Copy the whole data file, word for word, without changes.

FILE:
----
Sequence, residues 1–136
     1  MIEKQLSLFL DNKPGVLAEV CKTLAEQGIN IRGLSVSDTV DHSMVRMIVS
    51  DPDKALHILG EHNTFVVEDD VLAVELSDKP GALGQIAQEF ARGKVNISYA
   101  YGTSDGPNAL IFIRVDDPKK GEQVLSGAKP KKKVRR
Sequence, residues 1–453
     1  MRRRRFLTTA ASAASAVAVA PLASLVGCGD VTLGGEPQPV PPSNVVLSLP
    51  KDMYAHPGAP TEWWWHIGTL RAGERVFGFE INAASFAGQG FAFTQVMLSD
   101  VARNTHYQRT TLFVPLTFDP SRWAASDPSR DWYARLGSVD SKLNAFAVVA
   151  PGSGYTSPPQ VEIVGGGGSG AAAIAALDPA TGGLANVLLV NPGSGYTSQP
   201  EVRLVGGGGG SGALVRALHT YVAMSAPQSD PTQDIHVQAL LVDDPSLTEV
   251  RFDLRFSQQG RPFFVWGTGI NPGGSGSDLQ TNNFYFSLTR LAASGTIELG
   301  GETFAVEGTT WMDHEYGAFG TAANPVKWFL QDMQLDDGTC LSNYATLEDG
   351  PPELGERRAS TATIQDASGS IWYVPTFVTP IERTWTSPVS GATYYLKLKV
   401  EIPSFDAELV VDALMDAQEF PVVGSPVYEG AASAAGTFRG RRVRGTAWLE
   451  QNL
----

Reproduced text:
Sequence, residues 1–136
     1  MIEKQLSLFL DNKPGVLAEV CKTLAEQGIN IRGLSVSDTV DHSMVRMIVS
    51  DPDKALHILG EHNTFVVEDD VLAVELSDKP GALGQIAQEF ARGKVNISYA
   101  YGTSDGPNAL IFIRVDDPKK GEQVLSGAKP KKKVRR
Sequence, residues 1–453
     1  MRRRRFLTTA ASAASAVAVA PLASLVGCGD VTLGGEPQPV PPSNVVLSLP
    51  KDMYAHPGAP TEWWWHIGTL RAGERVFGFE INAASFAGQG FAFTQVMLSD
   101  VARNTHYQRT TLFVPLTFDP SRWAASDPSR DWYARLGSVD SKLNAFAVVA
   151  PGSGYTSPPQ VEIVGGGGSG AAAIAALDPA TGGLANVLLV NPGSGYTSQP
   201  EVRLVGGGGG SGALVRALHT YVAMSAPQSD PTQDIHVQAL LVDDPSLTEV
   251  RFDLRFSQQG RPFFVWGTGI NPGGSGSDLQ TNNFYFSLTR LAASGTIELG
   301  GETFAVEGTT WMDHEYGAFG TAANPVKWFL QDMQLDDGTC LSNYATLEDG
   351  PPELGERRAS TATIQDASGS IWYVPTFVTP IERTWTSPVS GATYYLKLKV
   401  EIPSFDAELV VDALMDAQEF PVVGSPVYEG AASAAGTFRG RRVRGTAWLE
   451  QNL